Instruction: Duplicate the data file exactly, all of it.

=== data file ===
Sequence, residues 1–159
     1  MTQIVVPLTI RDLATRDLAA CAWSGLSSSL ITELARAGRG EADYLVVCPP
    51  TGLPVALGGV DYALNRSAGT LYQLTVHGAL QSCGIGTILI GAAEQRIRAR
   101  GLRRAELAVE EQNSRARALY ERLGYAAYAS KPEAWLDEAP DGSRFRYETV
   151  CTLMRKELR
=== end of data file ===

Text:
Sequence, residues 1–159
     1  MTQIVVPLTI RDLATRDLAA CAWSGLSSSL ITELARAGRG EADYLVVCPP
    51  TGLPVALGGV DYALNRSAGT LYQLTVHGAL QSCGIGTILI GAAEQRIRAR
   101  GLRRAELAVE EQNSRARALY ERLGYAAYAS KPEAWLDEAP DGSRFRYETV
   151  CTLMRKELR